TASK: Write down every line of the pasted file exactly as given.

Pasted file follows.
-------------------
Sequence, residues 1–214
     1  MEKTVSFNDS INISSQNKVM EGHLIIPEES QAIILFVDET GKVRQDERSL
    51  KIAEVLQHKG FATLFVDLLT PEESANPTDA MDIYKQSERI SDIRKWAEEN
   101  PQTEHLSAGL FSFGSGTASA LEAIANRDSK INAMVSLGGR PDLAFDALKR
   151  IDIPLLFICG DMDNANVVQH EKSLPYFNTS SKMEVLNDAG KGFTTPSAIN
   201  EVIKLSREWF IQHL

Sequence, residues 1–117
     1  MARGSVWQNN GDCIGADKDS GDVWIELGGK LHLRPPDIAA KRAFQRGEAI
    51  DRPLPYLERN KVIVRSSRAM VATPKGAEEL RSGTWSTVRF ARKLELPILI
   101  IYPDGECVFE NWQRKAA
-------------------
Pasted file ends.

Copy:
Sequence, residues 1–214
     1  MEKTVSFNDS INISSQNKVM EGHLIIPEES QAIILFVDET GKVRQDERSL
    51  KIAEVLQHKG FATLFVDLLT PEESANPTDA MDIYKQSERI SDIRKWAEEN
   101  PQTEHLSAGL FSFGSGTASA LEAIANRDSK INAMVSLGGR PDLAFDALKR
   151  IDIPLLFICG DMDNANVVQH EKSLPYFNTS SKMEVLNDAG KGFTTPSAIN
   201  EVIKLSREWF IQHL

Sequence, residues 1–117
     1  MARGSVWQNN GDCIGADKDS GDVWIELGGK LHLRPPDIAA KRAFQRGEAI
    51  DRPLPYLERN KVIVRSSRAM VATPKGAEEL RSGTWSTVRF ARKLELPILI
   101  IYPDGECVFE NWQRKAA